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dc.contributor.authorWeijers, Dan M.en_NZ
dc.coverage.spatialConference held at University of San Francisco, California, USAen_NZ
dc.date.accessioned2019-11-07T01:40:37Z
dc.date.available2019-07-12en_NZ
dc.date.available2019-11-07T01:40:37Z
dc.date.issued2019en_NZ
dc.identifier.citationWeijers, D. M. (2019). There’s no place like home: Is our preference for familiar surroundings a bias? Presented at the 36th International Social Philosophy Conference. Home Sanctuary, Shelter, and Justice, Conference held at University of San Francisco, California, USA.en
dc.identifier.urihttps://hdl.handle.net/10289/13103
dc.description.abstractDrawing on experimental and traditional philosophical methods, several researchers have argued that our judgments about the relative value of different lives are often affected by status quo bias. Status quo bias – the irrational overvaluing of the status quo – appears to make our comparative judgments of our current life with different, and especially radically different, kinds of lives unhelpful. If true, this finding has significant implications for philosophy in several areas, including wellbeing, moral theory, and any value-based theorising about home. In this presentation, I will present the results of experiments on different versions of Nozick’s experience machine scenario. The different versions of the scenario were designed to tease out what it is that we value about the status quo, enabling me to establish whether our high valuing of home is more to do with our personal relationships, familiarity with our surroundings, or fear of the unknown. The experiments included gathering individual characteristics of participants, so that many possibly confounding factors could be analysed. The main message from the results is that for many people, going home means going to where the people they love are.en_NZ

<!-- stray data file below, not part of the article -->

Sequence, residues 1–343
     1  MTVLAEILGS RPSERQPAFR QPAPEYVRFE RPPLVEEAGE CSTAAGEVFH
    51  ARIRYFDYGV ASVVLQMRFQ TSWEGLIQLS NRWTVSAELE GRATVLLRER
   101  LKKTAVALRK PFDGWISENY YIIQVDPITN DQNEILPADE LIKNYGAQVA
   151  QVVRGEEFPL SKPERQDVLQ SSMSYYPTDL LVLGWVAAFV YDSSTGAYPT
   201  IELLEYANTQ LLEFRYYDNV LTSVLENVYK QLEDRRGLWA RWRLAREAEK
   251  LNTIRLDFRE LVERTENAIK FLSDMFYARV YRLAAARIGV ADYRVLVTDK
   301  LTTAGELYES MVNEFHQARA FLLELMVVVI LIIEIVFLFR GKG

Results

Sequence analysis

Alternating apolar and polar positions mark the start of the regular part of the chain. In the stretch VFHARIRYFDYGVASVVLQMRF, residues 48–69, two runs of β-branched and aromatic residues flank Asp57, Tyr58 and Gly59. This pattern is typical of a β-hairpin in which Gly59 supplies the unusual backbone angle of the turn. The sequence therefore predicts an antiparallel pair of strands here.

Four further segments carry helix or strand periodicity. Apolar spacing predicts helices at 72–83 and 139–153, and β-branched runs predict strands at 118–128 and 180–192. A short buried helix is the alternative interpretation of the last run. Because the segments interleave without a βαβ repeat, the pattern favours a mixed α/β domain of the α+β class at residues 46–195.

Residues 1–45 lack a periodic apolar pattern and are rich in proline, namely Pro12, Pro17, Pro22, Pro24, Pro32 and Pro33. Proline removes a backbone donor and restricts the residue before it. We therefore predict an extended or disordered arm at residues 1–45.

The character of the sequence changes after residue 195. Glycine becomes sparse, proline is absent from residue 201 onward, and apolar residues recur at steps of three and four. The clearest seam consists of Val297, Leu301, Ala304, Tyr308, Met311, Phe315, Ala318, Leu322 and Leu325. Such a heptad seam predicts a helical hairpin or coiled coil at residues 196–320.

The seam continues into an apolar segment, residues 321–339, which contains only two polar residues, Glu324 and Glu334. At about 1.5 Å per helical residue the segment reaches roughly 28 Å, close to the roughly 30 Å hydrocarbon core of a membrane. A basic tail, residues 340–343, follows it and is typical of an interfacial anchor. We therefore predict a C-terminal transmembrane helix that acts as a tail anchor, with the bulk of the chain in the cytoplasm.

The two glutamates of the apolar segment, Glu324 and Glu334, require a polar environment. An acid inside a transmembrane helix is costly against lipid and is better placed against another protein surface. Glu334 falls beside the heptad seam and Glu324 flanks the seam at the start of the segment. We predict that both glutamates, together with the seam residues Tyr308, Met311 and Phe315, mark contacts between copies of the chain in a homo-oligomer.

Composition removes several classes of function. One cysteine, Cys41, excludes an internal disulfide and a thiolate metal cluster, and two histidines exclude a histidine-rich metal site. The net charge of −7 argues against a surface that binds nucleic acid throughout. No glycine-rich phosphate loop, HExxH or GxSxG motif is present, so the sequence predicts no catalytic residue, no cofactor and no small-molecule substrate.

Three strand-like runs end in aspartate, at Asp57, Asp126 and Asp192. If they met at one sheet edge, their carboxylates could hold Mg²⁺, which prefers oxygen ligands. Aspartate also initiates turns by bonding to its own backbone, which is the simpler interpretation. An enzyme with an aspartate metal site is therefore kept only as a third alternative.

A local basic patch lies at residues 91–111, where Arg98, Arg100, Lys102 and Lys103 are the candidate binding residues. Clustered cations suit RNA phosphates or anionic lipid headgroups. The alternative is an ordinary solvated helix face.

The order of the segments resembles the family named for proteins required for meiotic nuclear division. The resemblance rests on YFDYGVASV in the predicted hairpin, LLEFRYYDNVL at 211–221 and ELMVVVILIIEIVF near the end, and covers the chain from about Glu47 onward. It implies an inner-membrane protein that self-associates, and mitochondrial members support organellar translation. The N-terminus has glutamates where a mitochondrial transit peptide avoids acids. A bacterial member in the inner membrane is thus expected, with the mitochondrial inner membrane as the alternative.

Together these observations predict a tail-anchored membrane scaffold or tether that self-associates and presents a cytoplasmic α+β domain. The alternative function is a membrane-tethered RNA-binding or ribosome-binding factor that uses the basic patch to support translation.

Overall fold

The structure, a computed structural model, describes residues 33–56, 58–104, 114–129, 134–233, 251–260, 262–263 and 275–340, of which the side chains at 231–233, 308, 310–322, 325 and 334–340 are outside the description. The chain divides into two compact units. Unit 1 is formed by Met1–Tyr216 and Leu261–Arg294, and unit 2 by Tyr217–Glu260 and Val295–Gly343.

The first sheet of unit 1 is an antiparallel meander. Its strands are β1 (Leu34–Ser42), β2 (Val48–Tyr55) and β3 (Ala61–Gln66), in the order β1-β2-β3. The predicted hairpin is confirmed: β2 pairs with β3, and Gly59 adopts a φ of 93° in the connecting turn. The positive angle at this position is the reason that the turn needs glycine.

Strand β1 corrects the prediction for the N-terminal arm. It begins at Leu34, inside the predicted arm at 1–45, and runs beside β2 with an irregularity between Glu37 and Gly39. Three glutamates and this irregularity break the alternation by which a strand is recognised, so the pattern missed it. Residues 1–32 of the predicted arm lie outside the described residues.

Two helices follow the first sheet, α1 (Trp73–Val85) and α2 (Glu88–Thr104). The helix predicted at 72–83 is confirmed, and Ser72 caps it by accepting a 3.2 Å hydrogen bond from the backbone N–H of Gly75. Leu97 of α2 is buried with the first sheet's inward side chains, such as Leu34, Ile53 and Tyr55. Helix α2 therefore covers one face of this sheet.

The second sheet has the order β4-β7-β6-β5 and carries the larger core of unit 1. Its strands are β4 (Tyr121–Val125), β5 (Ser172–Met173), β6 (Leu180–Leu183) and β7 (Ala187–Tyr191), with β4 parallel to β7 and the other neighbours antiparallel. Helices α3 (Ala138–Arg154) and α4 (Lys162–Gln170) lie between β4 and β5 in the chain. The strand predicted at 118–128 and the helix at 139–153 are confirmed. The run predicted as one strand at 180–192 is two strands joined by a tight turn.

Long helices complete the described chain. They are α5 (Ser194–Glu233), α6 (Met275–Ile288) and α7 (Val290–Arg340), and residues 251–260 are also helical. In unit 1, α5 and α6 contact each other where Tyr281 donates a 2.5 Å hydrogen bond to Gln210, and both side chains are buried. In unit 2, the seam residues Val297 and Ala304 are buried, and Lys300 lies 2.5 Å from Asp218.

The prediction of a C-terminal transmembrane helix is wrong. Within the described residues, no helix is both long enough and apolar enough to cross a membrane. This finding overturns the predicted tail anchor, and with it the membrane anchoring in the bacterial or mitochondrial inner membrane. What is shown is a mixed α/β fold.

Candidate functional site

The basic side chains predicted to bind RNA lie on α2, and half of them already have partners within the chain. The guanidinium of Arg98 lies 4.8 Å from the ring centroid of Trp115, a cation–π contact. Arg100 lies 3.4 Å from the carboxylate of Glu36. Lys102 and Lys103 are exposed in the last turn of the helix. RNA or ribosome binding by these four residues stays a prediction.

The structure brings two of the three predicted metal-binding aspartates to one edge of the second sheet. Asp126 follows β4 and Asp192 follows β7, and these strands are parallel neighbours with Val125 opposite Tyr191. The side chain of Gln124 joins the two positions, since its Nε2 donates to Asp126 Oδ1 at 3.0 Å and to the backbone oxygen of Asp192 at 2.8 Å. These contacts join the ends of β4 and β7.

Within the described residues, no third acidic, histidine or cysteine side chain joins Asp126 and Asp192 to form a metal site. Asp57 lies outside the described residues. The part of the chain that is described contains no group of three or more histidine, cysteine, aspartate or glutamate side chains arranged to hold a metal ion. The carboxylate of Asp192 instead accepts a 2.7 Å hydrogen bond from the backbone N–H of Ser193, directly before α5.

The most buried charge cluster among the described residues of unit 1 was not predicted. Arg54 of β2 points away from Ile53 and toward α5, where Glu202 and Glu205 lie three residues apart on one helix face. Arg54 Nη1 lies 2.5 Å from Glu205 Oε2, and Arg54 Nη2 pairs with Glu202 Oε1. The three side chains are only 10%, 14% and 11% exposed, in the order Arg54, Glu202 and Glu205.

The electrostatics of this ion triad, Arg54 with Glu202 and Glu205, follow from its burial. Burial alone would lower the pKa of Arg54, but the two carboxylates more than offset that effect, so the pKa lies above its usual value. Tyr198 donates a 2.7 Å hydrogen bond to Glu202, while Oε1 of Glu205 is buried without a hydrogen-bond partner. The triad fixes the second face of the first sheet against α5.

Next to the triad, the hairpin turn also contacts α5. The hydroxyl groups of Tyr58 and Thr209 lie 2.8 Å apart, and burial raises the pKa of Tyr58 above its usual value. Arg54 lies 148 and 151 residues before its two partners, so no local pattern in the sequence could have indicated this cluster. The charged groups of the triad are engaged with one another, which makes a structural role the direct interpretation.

dc.format.mimetypeapplication/pdf
dc.language.isoen
dc.source36th International Social Philosophy Conference. Home Sanctuary, Shelter, and Justiceen_NZ
dc.titleThere's no place like home: Is our preference for familiar surroundings a bias?en_NZ
dc.typeConference Contribution
pubs.elements-id239974
pubs.finish-date2019-07-13en_NZ
pubs.start-date2019-07-11en_NZ


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